So far ZAPU members and those who share feelings of solidarity with Dr. Dabengwa have exercised restraint in the hope that official institutions will be allowed to do their work and make it unnecessary for the public to exercise self-defence. This is part of the answer to what you implicitly asked about the impact on the party (ZAPU) of the invasion of Dr. Dabengwa’s farm. On a broader plane this situation reinforces our conviction that good governance is not about regimented observation of periodic elections (and sometimes “selections”) but about entrenching a culture of respect for human rights and due process in decision-making.
Possible answers or redress nationally
Paradoxically, Zimbabwe has perhaps the most studied and documented options in land management and re-distribution. This means that, more than thirty-four years after independence, problems in implementing reform and comprehensive transformation in ownership and land use need not be piece-meal and in the hands of unaccountable party operatives who even go to the extent of pocketing illegal “fees” from land-hungry citizens. The problem lies squarely in the sphere of political will or absence of it as far as doing things right is concerned. This is the first part in response to the question on possible answers.
Like I said above, at the technical and even scientific level we have a rich base of options and evidence that allow informed rational ecological, cultural, equitable and economic decisions regarding the land and its use. Many in this audience may be familiar with the comprehensive work carried out by the Rukuni Commission (1994) whose examination of issues and criteria for land acquisition and (re)distribution remain a rich source of options. The Utete Commission (2003) also came out with valuable insights into utilisation of acquired land and how this can be improved. There have also been debates and studies from scholars and bodies like the Institute of Agrarian Studies (IAS) that can be used for continuously refining and improving policy formulation and implementation on the land issue.
Interest groups of farmers and communities have also been active in pointing out gaps and omissions and in proposing viable solutions. In short, at this juncture the country should be looking at how to harmonize the plentiful options within various provisions of the new Constitution. The Government should govern through normal channels and not leave citizens at the mercy of clueless operatives and anarchists claiming justification from “the liberation struggle”. I am reminded of a quip recently from a colleague who observed, “You cannot get lost if you don’t know where you are going”. Zimbabwe has no reason to fumble on land policy; we have enough knowledge and information on what is workable and beneficial for food security and agriculture linkages with other sectors.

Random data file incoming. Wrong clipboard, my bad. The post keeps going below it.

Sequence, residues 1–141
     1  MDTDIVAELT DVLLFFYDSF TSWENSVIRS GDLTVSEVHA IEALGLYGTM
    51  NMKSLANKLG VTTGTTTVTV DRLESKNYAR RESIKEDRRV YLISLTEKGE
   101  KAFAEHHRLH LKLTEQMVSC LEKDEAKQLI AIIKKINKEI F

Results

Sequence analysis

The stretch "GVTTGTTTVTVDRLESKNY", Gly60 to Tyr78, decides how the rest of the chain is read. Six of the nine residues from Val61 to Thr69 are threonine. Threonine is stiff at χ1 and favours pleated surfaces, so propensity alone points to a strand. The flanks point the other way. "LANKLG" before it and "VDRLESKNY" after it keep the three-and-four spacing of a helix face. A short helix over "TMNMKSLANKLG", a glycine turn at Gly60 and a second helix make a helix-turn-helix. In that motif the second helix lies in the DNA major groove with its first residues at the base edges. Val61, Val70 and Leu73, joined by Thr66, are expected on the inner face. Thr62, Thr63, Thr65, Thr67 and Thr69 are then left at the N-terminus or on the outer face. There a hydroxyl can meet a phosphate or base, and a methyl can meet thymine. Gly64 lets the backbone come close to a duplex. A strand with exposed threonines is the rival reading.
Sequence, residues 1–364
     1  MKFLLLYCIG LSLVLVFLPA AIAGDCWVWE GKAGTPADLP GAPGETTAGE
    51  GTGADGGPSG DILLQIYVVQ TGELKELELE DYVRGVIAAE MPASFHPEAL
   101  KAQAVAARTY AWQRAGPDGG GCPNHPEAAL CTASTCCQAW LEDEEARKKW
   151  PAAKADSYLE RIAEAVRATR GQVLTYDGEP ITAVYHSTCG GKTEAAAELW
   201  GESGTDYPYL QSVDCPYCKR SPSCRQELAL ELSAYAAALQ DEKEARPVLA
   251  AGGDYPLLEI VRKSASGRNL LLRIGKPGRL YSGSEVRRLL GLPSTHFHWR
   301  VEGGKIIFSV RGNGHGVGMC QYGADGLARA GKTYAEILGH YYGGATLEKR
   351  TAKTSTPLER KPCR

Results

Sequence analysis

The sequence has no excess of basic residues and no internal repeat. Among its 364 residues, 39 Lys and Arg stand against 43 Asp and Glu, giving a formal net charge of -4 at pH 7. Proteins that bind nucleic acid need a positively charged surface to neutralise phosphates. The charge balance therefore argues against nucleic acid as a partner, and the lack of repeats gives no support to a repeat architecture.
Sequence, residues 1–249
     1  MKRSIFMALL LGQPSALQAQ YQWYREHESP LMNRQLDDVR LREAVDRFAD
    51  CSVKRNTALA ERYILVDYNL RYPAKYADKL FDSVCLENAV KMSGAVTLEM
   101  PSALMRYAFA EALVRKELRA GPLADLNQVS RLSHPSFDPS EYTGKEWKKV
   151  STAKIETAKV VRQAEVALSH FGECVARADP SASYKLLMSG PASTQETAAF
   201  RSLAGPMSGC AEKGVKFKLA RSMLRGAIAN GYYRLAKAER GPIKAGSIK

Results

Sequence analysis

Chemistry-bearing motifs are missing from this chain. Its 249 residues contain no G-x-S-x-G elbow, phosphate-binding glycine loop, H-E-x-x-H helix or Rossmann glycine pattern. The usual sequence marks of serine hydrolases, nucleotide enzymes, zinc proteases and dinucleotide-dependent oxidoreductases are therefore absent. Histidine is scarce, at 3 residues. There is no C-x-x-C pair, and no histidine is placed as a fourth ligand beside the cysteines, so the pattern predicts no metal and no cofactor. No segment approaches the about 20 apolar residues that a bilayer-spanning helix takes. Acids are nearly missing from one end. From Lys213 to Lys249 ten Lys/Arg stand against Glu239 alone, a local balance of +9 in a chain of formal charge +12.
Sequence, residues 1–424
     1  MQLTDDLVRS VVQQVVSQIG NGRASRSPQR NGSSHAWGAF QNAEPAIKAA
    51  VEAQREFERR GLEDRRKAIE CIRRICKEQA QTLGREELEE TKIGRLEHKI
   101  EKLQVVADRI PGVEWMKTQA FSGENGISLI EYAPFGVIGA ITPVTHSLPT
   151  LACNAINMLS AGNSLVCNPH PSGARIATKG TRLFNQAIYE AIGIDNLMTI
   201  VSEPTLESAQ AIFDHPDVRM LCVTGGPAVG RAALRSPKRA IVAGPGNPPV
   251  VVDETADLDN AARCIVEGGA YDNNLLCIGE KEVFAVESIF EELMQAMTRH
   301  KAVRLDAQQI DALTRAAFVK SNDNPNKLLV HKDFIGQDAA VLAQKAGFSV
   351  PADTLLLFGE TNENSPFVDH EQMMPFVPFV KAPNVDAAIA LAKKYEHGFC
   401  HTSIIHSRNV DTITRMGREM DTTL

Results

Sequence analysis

There are no magic solutions but some of the points one can make about this topic of black-to-black land invasions are:
The police need to be free from political interference so that they can protect all citizens from all unlawful activity. Judicial decisions must be respected by all and enforced without fear or favor.
Dr. Dabengwa is a classic deserving case if land is to be owned because “we fought for the land”. His credentials in the struggle for independence are second to none. The audience may be interested to know, however, that in spite of his eligibility for redistributed land, Dr. Dabengwa is not a beneficiary of “free” land but that he used his own resources to buy the farm that was being invaded. This compounds the injustice done to him. It therefore raises questions of why he was targeted at this point.
Politically-driven anarchy in land management has the potential to erode respect for due process and for the law in general, breeding the growth of a culture of impunity that breeds the notion that “might is right” (if you can grab a slice of it).
Insecurity in land ownership logically leads to reduced or cautious investment because lawful owners of land (even those with “offer letters”) cannot be assured that there will be predictable returns to investments and improvements. This is a recipe for food insecurity and a weak base for agro-industry revival and expansion.
Government and various stakeholders should address black-to-black land invasions as part of a broad range of land use and land allocation issues beyond the prism of previously expansive “white” lands. Politically driven anarchic land invasions cannot address multiple farm ownership, productivity on acquired and allocated land as well as how to build or revive an agriculture sector that can ensure food security and is capable of serving as a base for agro-industry while meeting needs of other sectors.
Finally, there is a need to speed up implementation of the new Constitution (especially devolution of power in this instance) in order to permit different parts of the country to play their rightful role in national development by focused use of their development potential and with full accountability.